In The Quintessence Shaw was writing as a socialist novelist and a playwright-to-be.

In Our Theatres of the Nineties, from 1895 to 1898, he continued in the form of weekly criticism contributed to the Sunday Review, where Shaw was working as a professional play reviewer and dramatist. Finally, from the beginning of the century to 1930, a world renown Shaw wrote about Ibsen in The Prefaces to some more modern plays. These three phases, sometimes overlapped one to another, must be viewed as the more or less conscious process that Shaw intended to achieve when examining Ibsen's plays.

At this point, before proceeding to the main body of Shaw's criticism, we should distinguish one of Shaw's beliefs from Ibsen's attitude. Despite all the bad aspects of our era many people are convinced that humanity has improved over the centuries in terms of ethic, government and law. There is a common assumption that we should be happier than our predecessors. As far as Ibsen was concerned, on the contrary, 19th century in Norway was not better than, for example, the 9th century, the age of the Vikings. All that mattered fundamentally to Ibsen was the noble spirit which flickered here and there in every generation, and just a small number behaved in accordance with nature.





Shaw's point of view is different. On the one hand he claims that there must be improvement in mankind, but on the other hand, as he explains through Tanner in one of the sections of the Revolutionists Handbook in Man andSuperman, "we must frankly give up the notion that man as he exists is capable of net progress" (Man and Superman 421).

Bernard Shaw's Ibsenisms 153 That was written in 1903, but as late as 1944, in Everybody's Political What Is What, he answers his own question by saying that some cure will eventually work.

So, there was from the beginning a remarkable difference between Shaw and Ibsen, but in The Quintessence this difference is disguised. Towards the end of the essay, Shaw says that Ibsen is not looking for a golden rule which conducís Ufe; in his own words, Shaw is saying to his readers about Ibsenism that "its quintessence is that there is no formula" {Quintessence 125). Thus, the difference noted above can be transcended to a higher degree; we are talking about a world of difference between an Ibsen who refused to narrow structures into ideas, and a Shaw who could hardly refrain himself from doing so. Ibsen discouraged exactly what Shaw demanded: the drawing of general conclusions from particular fictional instances.

Partly because of its origins in a paper Shaw read to the Fabián Society in 1890, The Quintessence of Ibsenism is a mixture of adequate exposition and progressist misinterpretation. In the first section of the essay, Shaw advances the thesis that in his works, Ibsen is attacking false ideáis in other 19th-century writers or in other social contexts with slight relation to Ibsen.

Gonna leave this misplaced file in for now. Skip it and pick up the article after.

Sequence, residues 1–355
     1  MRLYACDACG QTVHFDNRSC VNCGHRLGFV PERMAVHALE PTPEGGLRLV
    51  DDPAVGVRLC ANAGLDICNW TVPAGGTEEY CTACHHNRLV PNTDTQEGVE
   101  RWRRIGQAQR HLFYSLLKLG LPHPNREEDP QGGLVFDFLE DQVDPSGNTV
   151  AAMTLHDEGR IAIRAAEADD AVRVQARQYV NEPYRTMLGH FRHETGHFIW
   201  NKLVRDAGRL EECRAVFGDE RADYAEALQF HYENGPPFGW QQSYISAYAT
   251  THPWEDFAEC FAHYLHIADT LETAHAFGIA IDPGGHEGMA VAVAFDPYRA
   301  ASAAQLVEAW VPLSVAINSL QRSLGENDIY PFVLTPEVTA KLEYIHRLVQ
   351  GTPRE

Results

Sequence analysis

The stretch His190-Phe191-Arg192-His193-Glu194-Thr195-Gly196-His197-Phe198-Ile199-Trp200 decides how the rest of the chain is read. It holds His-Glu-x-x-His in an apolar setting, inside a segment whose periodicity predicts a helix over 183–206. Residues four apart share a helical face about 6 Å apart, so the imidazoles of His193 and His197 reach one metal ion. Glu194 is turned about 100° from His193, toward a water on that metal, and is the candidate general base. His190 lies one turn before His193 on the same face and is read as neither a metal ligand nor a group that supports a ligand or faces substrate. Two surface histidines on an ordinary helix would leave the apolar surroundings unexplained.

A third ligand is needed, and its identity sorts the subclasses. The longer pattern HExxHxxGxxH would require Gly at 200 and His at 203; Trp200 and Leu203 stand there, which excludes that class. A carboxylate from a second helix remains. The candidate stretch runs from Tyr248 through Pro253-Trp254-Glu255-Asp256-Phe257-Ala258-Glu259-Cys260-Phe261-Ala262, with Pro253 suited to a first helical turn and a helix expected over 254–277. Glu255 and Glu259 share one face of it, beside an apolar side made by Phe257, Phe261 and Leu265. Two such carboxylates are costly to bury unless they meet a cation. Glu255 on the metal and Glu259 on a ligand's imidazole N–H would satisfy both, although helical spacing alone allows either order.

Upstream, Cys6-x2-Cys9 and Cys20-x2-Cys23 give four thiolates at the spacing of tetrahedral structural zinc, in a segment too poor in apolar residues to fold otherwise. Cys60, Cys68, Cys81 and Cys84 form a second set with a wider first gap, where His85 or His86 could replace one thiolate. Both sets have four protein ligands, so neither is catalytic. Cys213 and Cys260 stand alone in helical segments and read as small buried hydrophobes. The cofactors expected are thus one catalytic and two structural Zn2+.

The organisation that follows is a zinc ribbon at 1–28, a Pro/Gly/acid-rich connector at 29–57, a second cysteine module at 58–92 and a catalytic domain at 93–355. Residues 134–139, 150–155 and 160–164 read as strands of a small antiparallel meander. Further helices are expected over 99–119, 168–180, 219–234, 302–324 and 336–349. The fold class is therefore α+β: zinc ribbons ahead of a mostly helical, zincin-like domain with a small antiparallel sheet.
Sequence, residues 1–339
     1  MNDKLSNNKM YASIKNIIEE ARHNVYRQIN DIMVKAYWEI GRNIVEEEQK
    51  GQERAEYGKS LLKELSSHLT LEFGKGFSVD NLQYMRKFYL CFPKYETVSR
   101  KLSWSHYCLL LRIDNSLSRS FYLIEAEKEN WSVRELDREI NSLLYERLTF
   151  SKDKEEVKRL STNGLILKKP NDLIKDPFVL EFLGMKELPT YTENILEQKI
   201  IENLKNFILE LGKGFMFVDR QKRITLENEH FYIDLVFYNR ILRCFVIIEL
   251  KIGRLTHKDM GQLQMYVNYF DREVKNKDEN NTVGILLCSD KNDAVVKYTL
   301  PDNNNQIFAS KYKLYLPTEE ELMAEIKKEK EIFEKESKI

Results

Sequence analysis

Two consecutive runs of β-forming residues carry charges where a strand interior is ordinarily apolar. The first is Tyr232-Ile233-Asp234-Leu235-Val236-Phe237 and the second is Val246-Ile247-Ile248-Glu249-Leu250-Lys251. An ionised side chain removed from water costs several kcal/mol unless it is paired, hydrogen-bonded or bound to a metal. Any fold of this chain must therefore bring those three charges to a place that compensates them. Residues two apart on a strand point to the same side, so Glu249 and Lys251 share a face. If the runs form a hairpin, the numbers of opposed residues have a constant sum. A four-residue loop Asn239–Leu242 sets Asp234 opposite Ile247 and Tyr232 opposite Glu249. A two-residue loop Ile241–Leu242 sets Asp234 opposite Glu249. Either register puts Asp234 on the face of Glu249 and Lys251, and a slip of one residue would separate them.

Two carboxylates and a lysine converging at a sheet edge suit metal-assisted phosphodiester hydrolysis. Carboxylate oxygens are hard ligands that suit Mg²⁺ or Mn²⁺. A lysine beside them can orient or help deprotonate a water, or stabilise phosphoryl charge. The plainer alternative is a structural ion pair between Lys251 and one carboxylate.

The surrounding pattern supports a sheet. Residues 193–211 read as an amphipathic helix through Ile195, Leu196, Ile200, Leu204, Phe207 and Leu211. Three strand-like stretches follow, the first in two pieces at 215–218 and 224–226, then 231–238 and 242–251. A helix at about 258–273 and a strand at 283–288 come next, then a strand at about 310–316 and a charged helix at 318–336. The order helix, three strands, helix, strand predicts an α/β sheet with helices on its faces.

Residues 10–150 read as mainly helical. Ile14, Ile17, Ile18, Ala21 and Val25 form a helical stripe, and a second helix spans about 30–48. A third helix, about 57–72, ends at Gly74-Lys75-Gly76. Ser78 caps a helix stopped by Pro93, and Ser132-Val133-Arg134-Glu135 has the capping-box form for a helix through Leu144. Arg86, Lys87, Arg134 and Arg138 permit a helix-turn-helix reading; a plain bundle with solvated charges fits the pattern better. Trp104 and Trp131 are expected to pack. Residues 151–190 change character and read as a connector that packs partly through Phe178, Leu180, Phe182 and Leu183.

From the very beginning Shaw states that his purpose is "to distill the quintessence of Ibsen's message to his age" {Quintessence 15). However, he insists that the valué of Ibsen's plays lies in their message, and discusses them as if they were novéis, without any attention to their dramatic form. Certainly these are strange and naive misinterpretations, but why does Shaw insist on the message of the plays ignoring completely the most basic kind of dramatic concerns? To answer that question it has to be pointed out that Shaw published The Quintessence for a very specific public, and that only the newspaper controversy launched by Ghosts in 1891 led him to write in the form of essay his Fabián Lecture. With these premises, we can affirm that Shaw's purpose with the publication of The Quintessence was both polemic and ambiguous. Polemic, because he was writing at the outset of the virulent controversy which raged England for five years. Ambiguous, because Shaw placed special emphasis on reading, rather than seeing Ibsen's plays.

Shaw was trying to take advantage of the creation of a new audience through the reactivation of the oíd habit among the British of the reading of plays. This audience was predisposed to new ideas and new methods in drama, and it was this new public which made possible Ibsen's great success with British readers, even though he never was completely victorious on the English stage.

It is at this point where, in my opinión, Shaw's main success in The Quintessence lies.

He intended to make Ibsen interesting to novel readers; his summaries in novelistic form had the mere goal of deciphering the complexities of the exposition of the plays, so that a reader uninitiated in Ibsen could make sense of them. He managed to draw comparisons and illustrations from the whole tradition of the 19th-century European literature and thought. In terms of contents, Shaw places Ibsen with Shelley, Dickens, Butler, and Darwin. That Shaw was primarily concerned with the way the public reacts to Ibsen can be exemplified by the analysis of Ghosts, consisting of the enumeration of newspapers reviews, which enables the reader to detect the artistic perception of the British press with respect to Ibsen.